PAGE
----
No. 603 Squadron RAF


603 (City of Edinburgh) Squadron RAuxAF
603 (City of Edinburgh) Squadron Royal Auxiliary Air Force Crest.jpg
Active14 October 1925 – 26 December 1944
10 January – 15 August 1945
10 May 1946 – 10 March 1957
1 October 1999 – present
CountryUnited Kingdom United Kingdom
BranchRoyal Auxiliary Air Force
RoleForce Protection/RAF Police and RAF Regiment
Part ofNo. 5 Force Protection Wing
HeadquartersLearmonth Terrace, Edinburgh
Motto(s)Scots: Gin ye daur
("If you dare")[1][2]
Battle honoursHome Defence, 1940–42*
Battle of Britain, 1940*
Channel & North Sea, 1941*
Fortress Europe, 1941*
Malta, 1942*
Mediterranean, 1943*
Sicily, 1943*
South-East Europe, 1943–44*
France & Germany 1945
Honours marked with an asterisk* are those emblazoned on the Squadron Standard
Sqn Ldr Derek Read RAuxAF
Honorary Air Commodore-in-ChiefQueen Elizabeth II
George Douglas-Hamilton, 10th Earl of Selkirk
Lord David Douglas-Hamilton
Christopher Foxley-Norris
Squadron Badge heraldryOn a rock a triple-towered castle, flying therefrom to the sinister a pennon
The castle in the badge is similar to that in the Arms of the City of Edinburgh[1][2]
Squadron CodesRL (Apr 1939 – Sep 1939)[3]
XT (Sep 1939 – Apr 1942, Jan 1945 – Aug 1945, 1949 – Apr 1951)[4]
RAJ (May 1946 – 1949)[5]

No. 603 (City of Edinburgh) Squadron is a squadron of the Royal Auxiliary Air Force, based in Edinburgh, Scotland. On reforming on 1 October 1999, the primary role of 603 Squadron, was as a Survive to Operate squadron, as well as providing Force Protection.

603 Sqn re-roled to become a reserve RAF Police unit from 1 April 2013. The Squadron retains a squadron's complement of RAF Regiment as part of its overall contribution to Force Protection and it still operates from a magnificent Victorian Town Mansion close to Edinburgh's city centre, as it has since the Town Headquarters was bought for the squadron in 1925.

Queen Elizabeth II is the Honorary Air Commodore to the Squadron, with those duties routinely carried out by Air Marshal Sir David Walker.[6]


Formation and early years

No. 603 Squadron was formed on 14 October 1925 at RAF Turnhouse as a day bomber unit of the Auxiliary Air Force. Originally equipped with DH.9As and using Avro 504Ks for flying training, the squadron re-equipped with Wapitis in March 1930, these being replaced by Harts in February 1934. On 24 October 1938, No. 603 was redesignated a fighter unit and flew Hinds until the arrival of Gladiators at the end of March 1939.

Second World War

In August 1939, the squadron began to transition to Spitfires.[7] As war approached the squadron was put on a full-time footing, and within two weeks of the outbreak of the Second World War, Brian Carbury was permanently attached and the squadron began to receive Spitfires, passing on its Gladiators to other squadrons during October.

On Spitfires

603 Sqn Spitfires and U.S. Navy Wildcats on USS Wasp (CV-7), 19 April 1942.

Scotland was in range of Nazi Germany's long-range bombers and reconnaissance aircraft. The Luftwaffe's main operations being mainly against the Royal Naval Home Fleet anchored in Scapa Flow. The squadron was operational with Spitfires in time to intercept the first German air raid on the British Isles on 16 October, when it shot down a Junkers Ju 88 bomber into the Firth of Forth north of Port Seton – the first enemy aircraft to be shot down over Great Britain since 1918, and the first RAF victory in the Second World War. It remained on defensive duties in Scotland until 27 August 1940, when it moved on rotation to Southern England, based with No 11 Group at RAF Hornchurch, where it was operational from 27 August 1940 for the remaining months of the Battle of Britain.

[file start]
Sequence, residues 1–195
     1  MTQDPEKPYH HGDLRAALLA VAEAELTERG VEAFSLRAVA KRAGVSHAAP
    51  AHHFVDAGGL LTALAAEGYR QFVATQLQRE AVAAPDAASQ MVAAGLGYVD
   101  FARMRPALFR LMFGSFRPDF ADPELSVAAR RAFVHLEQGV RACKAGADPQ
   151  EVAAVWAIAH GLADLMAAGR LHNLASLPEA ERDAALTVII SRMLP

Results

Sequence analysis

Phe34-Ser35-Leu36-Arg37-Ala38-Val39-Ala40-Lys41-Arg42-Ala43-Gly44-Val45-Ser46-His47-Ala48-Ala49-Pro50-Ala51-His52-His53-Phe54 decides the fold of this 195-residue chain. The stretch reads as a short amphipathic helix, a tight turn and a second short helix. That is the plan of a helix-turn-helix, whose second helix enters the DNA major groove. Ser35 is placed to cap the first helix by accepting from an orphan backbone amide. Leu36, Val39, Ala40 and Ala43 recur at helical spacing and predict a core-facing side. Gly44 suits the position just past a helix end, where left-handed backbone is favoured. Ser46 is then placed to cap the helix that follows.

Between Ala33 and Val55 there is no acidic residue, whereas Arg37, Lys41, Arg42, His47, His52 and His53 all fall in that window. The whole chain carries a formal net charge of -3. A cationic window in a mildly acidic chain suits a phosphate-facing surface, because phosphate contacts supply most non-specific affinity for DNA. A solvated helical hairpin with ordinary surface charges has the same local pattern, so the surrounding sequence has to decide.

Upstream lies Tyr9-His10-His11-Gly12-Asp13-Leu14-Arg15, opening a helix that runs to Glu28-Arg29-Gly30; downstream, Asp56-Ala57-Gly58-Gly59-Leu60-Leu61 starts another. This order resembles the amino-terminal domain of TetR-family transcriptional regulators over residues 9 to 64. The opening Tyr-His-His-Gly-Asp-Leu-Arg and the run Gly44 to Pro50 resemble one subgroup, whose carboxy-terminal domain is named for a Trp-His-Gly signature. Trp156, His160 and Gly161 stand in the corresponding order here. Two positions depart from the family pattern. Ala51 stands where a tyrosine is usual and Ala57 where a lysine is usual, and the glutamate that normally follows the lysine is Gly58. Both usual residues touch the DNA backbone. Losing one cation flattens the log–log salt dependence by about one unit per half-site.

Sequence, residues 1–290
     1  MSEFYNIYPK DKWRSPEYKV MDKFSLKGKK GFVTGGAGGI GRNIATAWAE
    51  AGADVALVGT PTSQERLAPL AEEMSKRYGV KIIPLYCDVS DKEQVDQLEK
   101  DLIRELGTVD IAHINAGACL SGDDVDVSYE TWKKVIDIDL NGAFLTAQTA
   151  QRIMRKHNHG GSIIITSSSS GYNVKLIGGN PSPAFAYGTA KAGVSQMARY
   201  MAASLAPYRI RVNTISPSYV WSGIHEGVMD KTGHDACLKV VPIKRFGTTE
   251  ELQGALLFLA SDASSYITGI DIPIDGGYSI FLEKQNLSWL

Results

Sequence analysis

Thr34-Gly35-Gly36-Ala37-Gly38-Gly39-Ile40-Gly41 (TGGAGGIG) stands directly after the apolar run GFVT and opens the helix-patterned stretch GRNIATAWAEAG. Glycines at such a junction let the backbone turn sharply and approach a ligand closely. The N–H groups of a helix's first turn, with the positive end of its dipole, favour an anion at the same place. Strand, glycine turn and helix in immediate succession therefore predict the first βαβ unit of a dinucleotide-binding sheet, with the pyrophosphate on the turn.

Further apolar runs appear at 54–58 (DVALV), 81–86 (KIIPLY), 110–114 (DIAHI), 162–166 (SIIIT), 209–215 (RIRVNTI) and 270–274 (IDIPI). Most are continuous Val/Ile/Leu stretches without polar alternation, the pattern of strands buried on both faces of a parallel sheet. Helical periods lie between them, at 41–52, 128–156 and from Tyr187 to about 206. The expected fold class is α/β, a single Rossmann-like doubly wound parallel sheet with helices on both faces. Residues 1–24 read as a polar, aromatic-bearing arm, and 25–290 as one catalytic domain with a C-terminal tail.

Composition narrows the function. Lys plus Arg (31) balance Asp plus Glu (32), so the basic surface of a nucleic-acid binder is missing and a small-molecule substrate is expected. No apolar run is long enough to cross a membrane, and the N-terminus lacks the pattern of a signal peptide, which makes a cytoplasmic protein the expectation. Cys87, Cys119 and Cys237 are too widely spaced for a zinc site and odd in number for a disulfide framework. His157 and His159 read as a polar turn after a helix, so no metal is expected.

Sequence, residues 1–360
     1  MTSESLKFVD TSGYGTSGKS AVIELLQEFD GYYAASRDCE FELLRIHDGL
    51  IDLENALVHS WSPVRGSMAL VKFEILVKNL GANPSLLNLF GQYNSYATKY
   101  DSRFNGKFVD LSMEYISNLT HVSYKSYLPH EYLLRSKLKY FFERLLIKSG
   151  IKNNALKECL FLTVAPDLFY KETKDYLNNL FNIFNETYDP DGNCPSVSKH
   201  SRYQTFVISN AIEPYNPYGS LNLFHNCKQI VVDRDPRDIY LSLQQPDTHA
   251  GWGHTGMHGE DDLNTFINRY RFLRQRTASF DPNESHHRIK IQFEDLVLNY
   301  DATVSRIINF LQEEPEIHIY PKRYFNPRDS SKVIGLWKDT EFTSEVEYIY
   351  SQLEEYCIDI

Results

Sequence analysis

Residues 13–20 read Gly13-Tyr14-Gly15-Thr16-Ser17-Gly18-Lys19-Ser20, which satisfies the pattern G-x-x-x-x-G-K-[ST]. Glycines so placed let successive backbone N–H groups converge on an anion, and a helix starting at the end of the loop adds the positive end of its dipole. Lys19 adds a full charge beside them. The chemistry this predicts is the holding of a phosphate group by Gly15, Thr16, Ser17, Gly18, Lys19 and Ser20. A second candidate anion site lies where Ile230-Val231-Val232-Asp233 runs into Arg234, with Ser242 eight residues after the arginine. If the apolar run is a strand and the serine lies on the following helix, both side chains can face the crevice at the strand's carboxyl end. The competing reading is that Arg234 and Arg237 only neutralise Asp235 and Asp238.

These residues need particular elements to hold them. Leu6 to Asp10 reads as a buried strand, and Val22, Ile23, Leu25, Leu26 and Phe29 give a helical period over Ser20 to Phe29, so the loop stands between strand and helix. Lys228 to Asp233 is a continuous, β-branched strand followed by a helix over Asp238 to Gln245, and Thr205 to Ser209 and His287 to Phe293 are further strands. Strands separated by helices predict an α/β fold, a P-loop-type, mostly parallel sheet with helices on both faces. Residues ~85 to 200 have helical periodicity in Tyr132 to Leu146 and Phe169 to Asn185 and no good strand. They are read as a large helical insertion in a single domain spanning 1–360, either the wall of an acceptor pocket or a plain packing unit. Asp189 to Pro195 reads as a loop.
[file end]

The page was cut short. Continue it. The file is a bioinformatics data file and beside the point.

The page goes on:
Two days after the squadron became operational in southern England, Carbury claimed the first of his 15½ victories, becoming the fifth highest scoring fighter ace of the battle. He was awarded the Distinguished Flying Cross and Bar with 603 Squadron during the battle. P/O R. 'Rasp' Berry claimed some 9 (of an eventual total of 17) victories during this time, while P/O 'Sheep' Gilroy claimed over 6 victories. Plt Off Richard Hillary (5 victories) was shot down on 3 September in combat with Bf 109s of Jagdgeschwader 26 off Margate at 10:04hrs – rescued by the Margate lifeboat, he was severely burned and spent the next three years in hospital, during which time he wrote a book, The Last Enemy.[8] By the end of the Battle of Britain, according to more recent academic research including the scrutiny of German records, 603 Squadron were identified as the highest-scoring Battle of Britain fighter squadron.

Returning to Scotland at the end of December, Carbury damaged a Ju 88 on Christmas Day over St Abb's Head, before leaving squadron in January 1941 as an instructor at the Central Flying School. In May 1941, the squadron moved south again to take part in sweeps over France (termed "rhubarbs"), until the end of the year.